Malaria is a massive worldwide health problem. The Centers for Disease Control and Prevention estimate that 212 million cases of malaria occurred worldwide in 2015 and 429,000 of the infected people died.
Once infected, the parasite multiplies in human red blood cells until it bursts out to infect more red cells. Researchers are targeting a key protein involved in this process, in an attempt to stop the parasite. They found that interfering with this protein slows the escape of the parasite from red blood cells, reducing the rate of infection and making it easier for the body to shut it down.
The research findings were published July 6 in PLOS Pathogens.
"Malaria parasites don't survive for long outside red blood cells, so if they get stuck on their way out, they might die before they have a chance to infect another cell," said Christine Collins, first author and researcher at the Francis Crick Institute.
Malaria is caused by the Plasmodium parasite, delivered by the bite of a female Anopheles mosquito that has previously dined on the blood from an infected person. Four kinds of malaria parasites infect humans: Plasmodium falciparum, Plasmodium vivax, Plasmodium ovale, and Plasmodium malariae.
The malarial parasite enters the body in the Sporozoite stage, where it invades the liver and develops into schizonts. Once mature, they burst from the liver releasing 2,000 to 40,000 parasites, each of which can infect a red blood cell. The merozoites use part of the red cell membrane to form a compartment called a vacuole, which protects them from proteins in the host red blood cell that might destroy the parasite. In the red cells, merozoites mature either into the sexual stage called a gametocyte — that can develop into an infectious sporozoite in an Anopheles mosquito — or into a schizont, which ruptures to release merozoites to infect more red blood cells.
People infected with malaria experience symptoms associated with the reproductive stage of the parasite. When the parasites multiply in red blood cells, waste from the cells — such as hemozoin pigment and other toxic products — accumulates and is dumped into the bloodstream when the cell bursts, releasing more merozoites. The waste products stimulate the immune system to produce cytokines that cause fever and chills. Other symptoms of malaria are sweats, nausea, headache, and body aches. Usually, symptoms develop in 10 days to four weeks after infection.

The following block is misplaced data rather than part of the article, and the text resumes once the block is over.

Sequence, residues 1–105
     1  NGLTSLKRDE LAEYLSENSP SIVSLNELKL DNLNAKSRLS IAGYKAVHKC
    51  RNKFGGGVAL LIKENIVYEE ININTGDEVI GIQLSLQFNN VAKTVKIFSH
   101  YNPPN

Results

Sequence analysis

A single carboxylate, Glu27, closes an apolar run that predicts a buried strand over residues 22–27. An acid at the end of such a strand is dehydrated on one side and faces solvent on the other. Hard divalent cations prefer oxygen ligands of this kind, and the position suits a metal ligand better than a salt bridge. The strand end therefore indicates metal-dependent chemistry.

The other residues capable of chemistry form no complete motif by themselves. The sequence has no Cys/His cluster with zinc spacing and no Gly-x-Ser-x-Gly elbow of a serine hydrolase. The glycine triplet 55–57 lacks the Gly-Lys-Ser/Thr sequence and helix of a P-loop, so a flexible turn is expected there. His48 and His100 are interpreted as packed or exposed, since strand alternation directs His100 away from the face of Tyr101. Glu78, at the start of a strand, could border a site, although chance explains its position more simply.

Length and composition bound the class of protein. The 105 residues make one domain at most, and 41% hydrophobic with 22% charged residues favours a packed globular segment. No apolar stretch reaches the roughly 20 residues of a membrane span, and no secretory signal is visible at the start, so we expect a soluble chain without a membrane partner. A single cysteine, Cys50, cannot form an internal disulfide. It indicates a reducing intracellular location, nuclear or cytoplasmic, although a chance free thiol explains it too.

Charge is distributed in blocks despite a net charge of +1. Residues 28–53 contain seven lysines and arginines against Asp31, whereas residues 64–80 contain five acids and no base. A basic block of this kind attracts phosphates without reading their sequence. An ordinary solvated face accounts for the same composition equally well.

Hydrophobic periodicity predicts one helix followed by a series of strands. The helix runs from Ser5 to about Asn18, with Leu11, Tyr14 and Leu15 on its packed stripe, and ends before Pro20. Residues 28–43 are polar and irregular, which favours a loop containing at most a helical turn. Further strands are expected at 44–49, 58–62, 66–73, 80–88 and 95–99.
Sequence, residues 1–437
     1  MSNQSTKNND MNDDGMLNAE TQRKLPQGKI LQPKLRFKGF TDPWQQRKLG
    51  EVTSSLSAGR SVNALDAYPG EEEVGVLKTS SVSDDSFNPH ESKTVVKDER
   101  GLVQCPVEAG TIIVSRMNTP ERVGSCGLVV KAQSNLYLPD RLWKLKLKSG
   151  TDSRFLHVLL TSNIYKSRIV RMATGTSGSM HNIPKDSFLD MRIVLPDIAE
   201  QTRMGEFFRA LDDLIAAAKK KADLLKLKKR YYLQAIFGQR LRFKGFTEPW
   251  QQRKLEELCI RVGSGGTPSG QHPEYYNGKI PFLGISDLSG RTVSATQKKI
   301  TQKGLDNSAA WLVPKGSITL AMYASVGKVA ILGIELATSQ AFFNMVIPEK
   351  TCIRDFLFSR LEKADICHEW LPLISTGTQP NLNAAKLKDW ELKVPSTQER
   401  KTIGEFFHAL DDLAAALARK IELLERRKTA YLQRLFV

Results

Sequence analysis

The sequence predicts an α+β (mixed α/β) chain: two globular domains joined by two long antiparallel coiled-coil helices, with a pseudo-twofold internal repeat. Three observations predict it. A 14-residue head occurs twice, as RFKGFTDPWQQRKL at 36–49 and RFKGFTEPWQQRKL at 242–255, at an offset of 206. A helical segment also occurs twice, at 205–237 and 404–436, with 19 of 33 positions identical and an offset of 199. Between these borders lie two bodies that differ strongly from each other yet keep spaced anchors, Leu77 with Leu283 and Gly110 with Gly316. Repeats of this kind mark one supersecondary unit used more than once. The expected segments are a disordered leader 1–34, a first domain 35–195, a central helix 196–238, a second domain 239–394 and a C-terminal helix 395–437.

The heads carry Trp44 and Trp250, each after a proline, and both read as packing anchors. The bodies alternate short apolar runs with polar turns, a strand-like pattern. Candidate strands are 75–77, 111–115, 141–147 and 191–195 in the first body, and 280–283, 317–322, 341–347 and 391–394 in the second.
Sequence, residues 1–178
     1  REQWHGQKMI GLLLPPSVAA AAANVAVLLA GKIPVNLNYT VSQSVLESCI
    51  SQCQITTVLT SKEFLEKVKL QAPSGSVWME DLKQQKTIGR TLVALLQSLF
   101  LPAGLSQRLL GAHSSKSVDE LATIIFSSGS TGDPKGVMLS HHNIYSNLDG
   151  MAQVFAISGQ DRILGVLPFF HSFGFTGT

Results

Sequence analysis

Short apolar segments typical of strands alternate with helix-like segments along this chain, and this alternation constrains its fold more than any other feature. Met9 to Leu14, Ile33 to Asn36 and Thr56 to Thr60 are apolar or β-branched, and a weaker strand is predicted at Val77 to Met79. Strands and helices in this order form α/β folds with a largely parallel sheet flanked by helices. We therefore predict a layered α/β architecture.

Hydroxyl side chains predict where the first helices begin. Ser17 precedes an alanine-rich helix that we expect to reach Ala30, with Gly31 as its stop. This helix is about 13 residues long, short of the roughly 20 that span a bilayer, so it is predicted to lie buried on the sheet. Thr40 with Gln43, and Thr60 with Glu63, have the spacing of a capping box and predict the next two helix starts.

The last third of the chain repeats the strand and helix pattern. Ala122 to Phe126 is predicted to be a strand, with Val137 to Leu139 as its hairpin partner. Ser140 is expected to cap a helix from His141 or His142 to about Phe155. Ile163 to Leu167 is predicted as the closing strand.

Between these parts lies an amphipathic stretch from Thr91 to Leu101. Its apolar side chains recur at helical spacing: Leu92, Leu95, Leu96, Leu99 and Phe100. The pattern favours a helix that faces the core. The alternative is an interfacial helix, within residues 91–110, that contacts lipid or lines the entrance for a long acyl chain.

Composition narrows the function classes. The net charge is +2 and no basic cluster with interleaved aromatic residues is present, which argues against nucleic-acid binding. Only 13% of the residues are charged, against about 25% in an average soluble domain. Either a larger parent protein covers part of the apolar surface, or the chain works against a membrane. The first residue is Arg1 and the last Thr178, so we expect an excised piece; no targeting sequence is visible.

Prevention relies on mosquito control and limiting exposure to the mosquitos that carry the malarial parasites, either by physical barriers like netting or by sprays containing DEET or another repellent. Travelers to some countries may be given medication to take to prevent malaria. These medications are the same as drugs used to treat malaria and include Atovaquone-proguanil, doxycycline, chloroquine, primaquine, or mefloquine.
Treatment is complicated by the fact that malarial parasites in some parts of the world are more likely to be drug-resistant. Plus, not all treatment medications can be taken by everyone — they have side effects, and pregnant women and people with glucose-6-phosphate dehydrogenase deficiency can't take primaquine.
Additionally, Plasmodium vivax and Plasmodium ovale parasites can stay dormant in the liver for several months up to about four years after initial infection. For reasons that remain unclear, the parasites can reactivate and start to invade red cells again, when that happens, the infected person relapses and experiences malaria symptoms again.
The sheer volume of infections and deaths highlight the importance of finding new ways to cure malaria infections. The research team from the Francis Crick Institute have figured out a way to interfere with an important step in the parasite's infectivity.
The scientists already knew that when the malaria parasite escapes human red blood cells, it uses proteins to break through the vacuole they develop in, then the cell membrane.
"We focused on the most common protein, known as SERA5, assuming that it probably has an important role since there is so much of it," study researcher Mike Blackman, of the Francis Crick Institute, said in a press release.
SERA5 protein is found in the red blood cell compartment where the parasite grows. To test its role in malaria's spread to other red cells, the team genetically modified some malaria parasites to lack SERA5 and some to lack both SERA5 and SERA4 proteins. Once the modified parasites were allowed to infect red blood cells in test tubes, the researchers watched to see if the parasites lacking SERA proteins would be able to exit the red cells.
They found the parasites lacking SERA5 and those lacking both SERA5 and SERA4, actually broke through the membranes faster than unmodified parasites, but many got stuck on their way out because the vacuole they were developing in and the cell membranes did not rupture properly. SERA5 was needed for the merozoites to disseminate to other red cells efficiently and without the protein, the parasite couldn't control the speed at which surrounding membranes enveloped it.
As for the future, the researchers think SERA5 might be a good target for new anti-malarial drugs. The researchers are already working with the pharmaceutical company, GSK to investigate the possibility.
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